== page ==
Eleventh Circuit Court of Appeals - Published Opinions

Wednesday, December 04, 2013

Martinez: Rejecting 1st Amendment Challenges to 875(c)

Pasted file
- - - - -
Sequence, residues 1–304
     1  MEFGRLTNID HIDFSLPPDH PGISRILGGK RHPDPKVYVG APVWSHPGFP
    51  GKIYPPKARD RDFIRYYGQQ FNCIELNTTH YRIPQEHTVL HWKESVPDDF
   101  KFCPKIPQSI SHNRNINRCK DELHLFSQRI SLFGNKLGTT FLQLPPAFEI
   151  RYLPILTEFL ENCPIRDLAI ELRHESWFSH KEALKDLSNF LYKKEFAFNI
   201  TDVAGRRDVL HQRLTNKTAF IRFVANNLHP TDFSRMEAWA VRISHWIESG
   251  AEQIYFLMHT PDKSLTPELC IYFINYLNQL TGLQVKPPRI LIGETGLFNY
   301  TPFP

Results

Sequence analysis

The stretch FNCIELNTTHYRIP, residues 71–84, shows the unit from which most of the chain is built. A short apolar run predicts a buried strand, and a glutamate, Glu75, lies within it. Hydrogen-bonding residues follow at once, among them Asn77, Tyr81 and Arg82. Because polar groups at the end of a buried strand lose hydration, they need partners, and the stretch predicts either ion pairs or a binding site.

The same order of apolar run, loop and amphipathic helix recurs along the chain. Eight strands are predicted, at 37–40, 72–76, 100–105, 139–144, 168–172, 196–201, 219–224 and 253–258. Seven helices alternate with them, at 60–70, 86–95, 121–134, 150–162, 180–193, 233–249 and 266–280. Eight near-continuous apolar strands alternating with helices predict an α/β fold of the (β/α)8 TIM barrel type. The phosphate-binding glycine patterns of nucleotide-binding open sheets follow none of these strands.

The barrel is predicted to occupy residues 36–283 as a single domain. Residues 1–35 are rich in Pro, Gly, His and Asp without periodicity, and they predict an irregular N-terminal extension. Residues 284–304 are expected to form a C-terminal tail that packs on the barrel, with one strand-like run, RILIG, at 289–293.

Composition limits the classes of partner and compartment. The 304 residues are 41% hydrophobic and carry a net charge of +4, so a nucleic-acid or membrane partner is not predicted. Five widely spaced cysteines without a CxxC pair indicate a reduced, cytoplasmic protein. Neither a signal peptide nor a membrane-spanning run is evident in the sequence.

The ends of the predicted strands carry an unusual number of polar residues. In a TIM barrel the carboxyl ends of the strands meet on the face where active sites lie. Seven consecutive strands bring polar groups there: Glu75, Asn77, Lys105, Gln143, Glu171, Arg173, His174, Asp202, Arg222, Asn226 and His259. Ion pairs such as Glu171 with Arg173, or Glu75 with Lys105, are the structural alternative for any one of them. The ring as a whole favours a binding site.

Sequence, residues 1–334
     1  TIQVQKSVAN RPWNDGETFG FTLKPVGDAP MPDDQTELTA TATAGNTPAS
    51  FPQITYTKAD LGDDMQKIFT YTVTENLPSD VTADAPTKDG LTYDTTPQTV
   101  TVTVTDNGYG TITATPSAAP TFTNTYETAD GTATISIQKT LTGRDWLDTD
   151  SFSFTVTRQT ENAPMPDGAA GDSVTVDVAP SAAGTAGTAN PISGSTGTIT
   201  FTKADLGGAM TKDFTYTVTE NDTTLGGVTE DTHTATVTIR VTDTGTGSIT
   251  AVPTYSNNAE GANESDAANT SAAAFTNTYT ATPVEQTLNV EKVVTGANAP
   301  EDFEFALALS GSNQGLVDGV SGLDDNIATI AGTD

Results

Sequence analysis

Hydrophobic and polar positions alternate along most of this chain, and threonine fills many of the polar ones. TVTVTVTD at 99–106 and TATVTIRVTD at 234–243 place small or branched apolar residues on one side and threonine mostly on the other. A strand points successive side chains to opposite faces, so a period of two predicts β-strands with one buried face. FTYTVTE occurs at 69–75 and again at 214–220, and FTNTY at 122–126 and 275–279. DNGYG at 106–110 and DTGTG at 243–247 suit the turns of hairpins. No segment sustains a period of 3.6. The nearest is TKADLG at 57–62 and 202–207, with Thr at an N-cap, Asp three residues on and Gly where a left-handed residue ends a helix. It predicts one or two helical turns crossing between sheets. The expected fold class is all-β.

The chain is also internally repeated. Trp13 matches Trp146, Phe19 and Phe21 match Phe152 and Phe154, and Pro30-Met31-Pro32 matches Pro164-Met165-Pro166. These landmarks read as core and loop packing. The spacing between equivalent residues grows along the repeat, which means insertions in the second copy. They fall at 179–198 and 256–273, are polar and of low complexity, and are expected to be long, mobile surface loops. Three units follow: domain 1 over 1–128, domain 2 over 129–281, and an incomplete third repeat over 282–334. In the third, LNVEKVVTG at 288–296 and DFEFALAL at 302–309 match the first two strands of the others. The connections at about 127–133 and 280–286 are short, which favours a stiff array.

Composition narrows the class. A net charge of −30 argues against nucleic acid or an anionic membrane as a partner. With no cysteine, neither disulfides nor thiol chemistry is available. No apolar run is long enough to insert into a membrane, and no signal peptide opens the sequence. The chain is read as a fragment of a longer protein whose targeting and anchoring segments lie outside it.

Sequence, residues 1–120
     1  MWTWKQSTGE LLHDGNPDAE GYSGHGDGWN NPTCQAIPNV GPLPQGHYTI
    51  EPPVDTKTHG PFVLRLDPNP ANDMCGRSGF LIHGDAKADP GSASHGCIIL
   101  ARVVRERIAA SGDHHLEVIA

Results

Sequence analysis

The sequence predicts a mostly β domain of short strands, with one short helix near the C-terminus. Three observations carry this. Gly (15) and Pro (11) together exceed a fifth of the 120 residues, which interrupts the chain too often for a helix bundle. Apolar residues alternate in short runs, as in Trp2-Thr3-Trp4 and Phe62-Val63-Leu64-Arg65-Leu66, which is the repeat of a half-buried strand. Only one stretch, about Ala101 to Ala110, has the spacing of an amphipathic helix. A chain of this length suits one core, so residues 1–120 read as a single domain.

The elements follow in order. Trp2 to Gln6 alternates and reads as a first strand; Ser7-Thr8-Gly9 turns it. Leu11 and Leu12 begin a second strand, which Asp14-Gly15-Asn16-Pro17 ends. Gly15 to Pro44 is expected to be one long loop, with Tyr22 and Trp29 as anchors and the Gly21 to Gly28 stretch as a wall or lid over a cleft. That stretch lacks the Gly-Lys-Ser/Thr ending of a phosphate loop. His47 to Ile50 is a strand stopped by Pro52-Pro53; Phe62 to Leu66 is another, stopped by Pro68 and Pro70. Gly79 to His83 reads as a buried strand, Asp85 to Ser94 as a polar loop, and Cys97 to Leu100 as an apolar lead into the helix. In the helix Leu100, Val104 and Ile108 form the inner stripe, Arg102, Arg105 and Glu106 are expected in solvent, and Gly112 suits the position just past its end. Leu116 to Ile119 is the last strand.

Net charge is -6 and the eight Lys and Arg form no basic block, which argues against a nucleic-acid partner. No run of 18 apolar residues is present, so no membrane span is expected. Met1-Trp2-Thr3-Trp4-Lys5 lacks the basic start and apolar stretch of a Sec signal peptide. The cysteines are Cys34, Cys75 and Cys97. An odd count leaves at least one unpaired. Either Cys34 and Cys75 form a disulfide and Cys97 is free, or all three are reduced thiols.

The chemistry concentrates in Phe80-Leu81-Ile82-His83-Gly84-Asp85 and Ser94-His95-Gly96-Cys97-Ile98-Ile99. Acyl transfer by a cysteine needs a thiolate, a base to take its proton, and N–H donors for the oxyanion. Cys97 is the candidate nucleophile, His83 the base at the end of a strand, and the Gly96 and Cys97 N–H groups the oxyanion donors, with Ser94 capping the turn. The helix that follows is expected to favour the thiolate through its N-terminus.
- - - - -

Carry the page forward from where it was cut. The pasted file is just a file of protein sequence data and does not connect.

In U.S. v. Martinez, No. 11-13295 (Nov. 27, 2013), the Court affirmed a conviction for knowingly transmitting a threatening communication, in violation of 18 U.S.C. § 875(c), rejecting First Amendment challenges to this statute. The Court noted that, under Supreme Court caselaw, the First Amendment does not protect “true threats.” The Court rejected the argument that a defendant’s “subjective intent” is an essential element to establishing the existence of a “true threat.” The Court held that a true threat is a statement that contains a serious expression of violent intent, and the speaker need not subjectively intend her statement to be a threat. The Court noted the “fear of violence” that true threats engender, regardless of subjective intent. The Court also rejected an overbreadth challenge to § 875(c). Because the statute is limited to “true threats,” it criminalizes no protected expressive activity. The Court distinguished true threats from cross burning, which is expressive activity that can receive First Amendment protection in certain circumstances.